Tag: to kill a mockingbird
No shit, dingus. Pardon my French, but in Carrie Rickey’s 1/15/12 New York Times article “Perfectly Happy, Even Without Happy Endings,” Hollywood once again shows its complete ignorance of its own origins. Still a rebellious teenager, the US film industry would rather pretend theatre doesn’t exist and that Hollywood sprang forth from itself, rather than admit that it actually inherited plenty of brains and good looks from its nerdy parents.
Louis B. Mayer once supposedly said, “Theatre is a flea up an elephant’s ass,” the elephant of course being Hollywood. More accurately — and what I tell my screenwriting students every semester — is that theatre is a 3000-year-long dog and motion pictures are a hundred-year-long hair on that dog’s tail; that maybe one day film will evolve to the point that it bears no resemblance to theatre but that day is still a long way off, and that budding filmmakers and screenwriters would do well to spend a little of their time in school studying theatre. Unfortunately film schools around the country, including the esteemed institution where I teach and of which I’m a graduate, seem intent on doing everything they can to shield their students from the power of live performance, ignoring theatre as inferior, obsolete, old-fashioned, insisting that the only legitimate form of narrative storytelling is film, all the while stealing from theatre on a regular basis.
In Rickey’s article we meet the latest example of a smug Hollywood cannibal: highly successful Hollywood producer Lindsay Doran, who discusses all the time, energy and resources she spent trying to figure out what makes the great Hollywood films so memorable and emotionally potent. She analyzed a lot of movies, consulted with market researchers and pop psychologists and concluded that, gasp, positive movies do not necessarily have happy endings (Casablanca, To Kill a Mockingbird, Titanic, et al). Indeed, the most powerful films of all time, she concludes, mingle accomplishment with great loss. In other words, “the accomplishment the audience values most is resilience.”
So far, so good, except that all of this has been stolen from theatre (Casablanca in fact was based on an unproduced stage play called Everybody Comes to Rick’s) and it’s embarrassing that Ms. Doran doesn’t even realize it. She’s now running around Hollywood getting paid to give self-help seminars to producers as though she’s solved a great mystery; as though no one had thought of any of this before her; as though the poignant plots and character arcs of these great movies happened by accident. It’s bad enough that so many in the film industry still prefer to think the 3-act plot structure was invented by Hollywood during the 1940s studio era rather than being lifted directly from opera and traceable all the way back to ancient Greece. Now we’ve got Doran, casting herself as a great thinker and voice in the wilderness, realizing in her Hollywood vacuum that the best narratives are those in which people don’t necessarily get what they want but learn to survive anyway. Shocking. She could have saved herself a lot of time and energy by asking the nearest playwright.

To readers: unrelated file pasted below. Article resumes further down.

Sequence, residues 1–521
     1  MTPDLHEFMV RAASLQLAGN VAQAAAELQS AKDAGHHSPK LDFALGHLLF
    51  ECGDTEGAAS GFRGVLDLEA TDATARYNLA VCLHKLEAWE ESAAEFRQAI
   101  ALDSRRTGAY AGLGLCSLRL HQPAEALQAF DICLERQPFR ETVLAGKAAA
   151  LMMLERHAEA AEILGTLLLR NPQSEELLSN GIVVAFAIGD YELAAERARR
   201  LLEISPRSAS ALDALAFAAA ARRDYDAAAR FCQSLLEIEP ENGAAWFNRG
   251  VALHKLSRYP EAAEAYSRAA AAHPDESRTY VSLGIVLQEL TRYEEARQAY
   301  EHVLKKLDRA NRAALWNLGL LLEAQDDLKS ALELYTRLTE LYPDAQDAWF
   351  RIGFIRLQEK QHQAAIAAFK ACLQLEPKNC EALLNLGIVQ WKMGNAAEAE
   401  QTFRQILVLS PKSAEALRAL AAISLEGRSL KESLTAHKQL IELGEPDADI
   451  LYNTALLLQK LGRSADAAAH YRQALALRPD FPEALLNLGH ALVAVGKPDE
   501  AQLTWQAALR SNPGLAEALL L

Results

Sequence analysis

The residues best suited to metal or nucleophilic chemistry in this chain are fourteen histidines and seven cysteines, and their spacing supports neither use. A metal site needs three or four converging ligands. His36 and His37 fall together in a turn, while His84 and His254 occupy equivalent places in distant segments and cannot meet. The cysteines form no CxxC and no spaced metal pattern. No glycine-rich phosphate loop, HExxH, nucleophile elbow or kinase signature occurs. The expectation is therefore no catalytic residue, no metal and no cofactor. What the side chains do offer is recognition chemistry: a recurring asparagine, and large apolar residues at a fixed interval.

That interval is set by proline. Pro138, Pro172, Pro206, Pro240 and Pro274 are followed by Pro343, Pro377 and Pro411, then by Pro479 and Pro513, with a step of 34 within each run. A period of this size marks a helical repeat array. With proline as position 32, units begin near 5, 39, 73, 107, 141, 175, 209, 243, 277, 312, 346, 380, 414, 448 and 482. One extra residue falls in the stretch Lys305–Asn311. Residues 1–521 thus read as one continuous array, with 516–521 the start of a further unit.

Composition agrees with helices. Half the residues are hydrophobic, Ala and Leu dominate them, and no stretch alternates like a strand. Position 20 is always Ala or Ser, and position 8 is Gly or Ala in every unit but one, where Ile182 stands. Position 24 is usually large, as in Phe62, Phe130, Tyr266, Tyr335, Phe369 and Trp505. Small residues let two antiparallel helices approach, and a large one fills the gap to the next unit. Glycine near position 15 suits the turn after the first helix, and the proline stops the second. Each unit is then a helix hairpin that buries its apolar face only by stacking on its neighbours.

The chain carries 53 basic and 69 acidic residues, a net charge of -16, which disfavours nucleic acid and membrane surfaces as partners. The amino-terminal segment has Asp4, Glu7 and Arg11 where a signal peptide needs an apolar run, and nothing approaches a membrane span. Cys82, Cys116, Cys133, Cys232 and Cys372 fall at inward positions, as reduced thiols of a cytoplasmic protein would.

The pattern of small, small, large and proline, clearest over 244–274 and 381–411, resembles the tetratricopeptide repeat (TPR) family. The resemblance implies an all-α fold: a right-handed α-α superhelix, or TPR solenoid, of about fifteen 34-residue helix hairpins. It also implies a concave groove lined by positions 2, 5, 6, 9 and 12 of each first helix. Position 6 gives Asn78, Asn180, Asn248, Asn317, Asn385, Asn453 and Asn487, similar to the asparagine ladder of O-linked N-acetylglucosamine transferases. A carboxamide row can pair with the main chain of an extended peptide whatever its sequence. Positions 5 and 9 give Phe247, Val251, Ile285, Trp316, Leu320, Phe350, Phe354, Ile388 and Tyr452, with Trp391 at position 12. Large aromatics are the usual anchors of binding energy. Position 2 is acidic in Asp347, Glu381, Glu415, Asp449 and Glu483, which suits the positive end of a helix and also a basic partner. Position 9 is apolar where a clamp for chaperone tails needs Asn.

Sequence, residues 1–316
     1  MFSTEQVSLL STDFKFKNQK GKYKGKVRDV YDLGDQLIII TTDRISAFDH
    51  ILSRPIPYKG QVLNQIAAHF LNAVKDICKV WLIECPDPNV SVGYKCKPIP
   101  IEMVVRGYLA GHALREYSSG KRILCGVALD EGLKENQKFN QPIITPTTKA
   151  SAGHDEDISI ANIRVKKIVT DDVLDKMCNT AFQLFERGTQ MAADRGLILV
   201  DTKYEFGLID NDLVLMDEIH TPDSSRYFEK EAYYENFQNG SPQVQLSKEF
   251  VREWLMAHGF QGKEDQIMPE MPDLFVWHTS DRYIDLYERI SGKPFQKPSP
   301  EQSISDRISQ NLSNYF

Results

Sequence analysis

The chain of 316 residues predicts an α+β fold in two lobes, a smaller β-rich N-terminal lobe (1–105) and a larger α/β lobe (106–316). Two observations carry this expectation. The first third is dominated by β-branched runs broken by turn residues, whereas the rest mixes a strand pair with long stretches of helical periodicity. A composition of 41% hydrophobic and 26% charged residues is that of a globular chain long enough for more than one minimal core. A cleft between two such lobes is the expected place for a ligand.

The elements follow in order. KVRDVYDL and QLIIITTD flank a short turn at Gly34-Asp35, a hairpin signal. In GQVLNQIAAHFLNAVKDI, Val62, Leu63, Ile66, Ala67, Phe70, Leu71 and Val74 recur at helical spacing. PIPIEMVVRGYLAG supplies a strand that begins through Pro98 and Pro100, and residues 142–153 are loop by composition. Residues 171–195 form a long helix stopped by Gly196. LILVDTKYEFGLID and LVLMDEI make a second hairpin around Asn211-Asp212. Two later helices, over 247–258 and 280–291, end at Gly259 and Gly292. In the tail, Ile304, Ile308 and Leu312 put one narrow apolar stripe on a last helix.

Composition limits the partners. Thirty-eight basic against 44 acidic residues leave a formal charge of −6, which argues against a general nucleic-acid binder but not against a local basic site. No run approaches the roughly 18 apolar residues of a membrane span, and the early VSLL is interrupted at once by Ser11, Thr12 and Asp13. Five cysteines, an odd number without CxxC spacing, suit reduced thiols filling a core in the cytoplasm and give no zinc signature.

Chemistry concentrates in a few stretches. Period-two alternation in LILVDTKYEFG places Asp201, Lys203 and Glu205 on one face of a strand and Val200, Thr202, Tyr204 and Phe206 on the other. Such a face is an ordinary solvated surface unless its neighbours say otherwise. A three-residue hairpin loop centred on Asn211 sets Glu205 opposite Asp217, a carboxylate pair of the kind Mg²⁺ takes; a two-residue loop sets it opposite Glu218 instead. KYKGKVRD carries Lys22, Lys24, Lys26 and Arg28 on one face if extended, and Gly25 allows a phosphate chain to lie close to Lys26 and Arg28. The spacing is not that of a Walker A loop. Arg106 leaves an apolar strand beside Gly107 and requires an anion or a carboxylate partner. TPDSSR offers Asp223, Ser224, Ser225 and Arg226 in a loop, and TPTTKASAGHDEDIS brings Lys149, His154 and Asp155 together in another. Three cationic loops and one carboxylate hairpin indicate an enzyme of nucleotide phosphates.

A playwright might have advised her to simply spend an afternoon reading The Birth of Tragedy by Friederich Nietzsche (coincidentally mentioned in the same NYT issue in Alexander Star’s review of Jennifer Ratner-Rosenhagen’s book American Nietzsche, A History of an Icon and His Ideas) and Three Uses of the Knife by David Mamet, or skipping both books and going straight to the Bible, the Koran, the Bhagavad Gita or the writings of the Buddha.
You see, Ms. Doran, the primary purpose of drama has always been to show unhappy people going through suffering to try and stop their unhappiness, experiencing complete and utter despair along the way, and learning that they’ll never be happy (even if they do accomplish their main goal in the plot) but that life is worth living anyway. Why? Because like the pot of gold at the end of the rainbow, total happiness is impossible to achieve. Hollywood stole its narrow definition of “happiness” from 19th century stage melodramas which said all anyone needed to be happy was a good spouse, a good job, and entry into the middle class. In other words, achieving the American Dream will make one happy. As you have discovered through your own convoluted and costly means, movies (and plays) that endorse this belief are fun but forgettable.
The memorable and positive protagonist is one who comes out the other end of her or his desperate journey loving life and wanting to go on anyway despite confronting loss, regret and learning that they’ll never get everything they want. This is called gaining wisdom. As I hinted at above, this unfortunate fact of human existence is also summed up by every major religion: to live is to suffer.
Any good playwright can tell you that audiences tend to feel healed and redeemed by watching someone else go through this tough journey to wisdom because it makes viewers vicariously wiser and prepares them for their own journeys. This powerful approach to narrative storytelling is nearly universal in Western culture going back to ancient Greece. Next time you’re stumped by a great cinematic question please start by ignoring Hollywood market researchers and your favorite pop psychologists, and asking the nearest playwright. You’ll likely get your answers there.
“So where does Ms. Doran go from here?” Rickey’s article asks you in its conclusion. Hopefully to see a few plays.
By the way, Ms. Doran, I can show you some killer spec screenplays that I promise you’re going to love. Seriously. Have your people call my people.
[images via nytimes.com]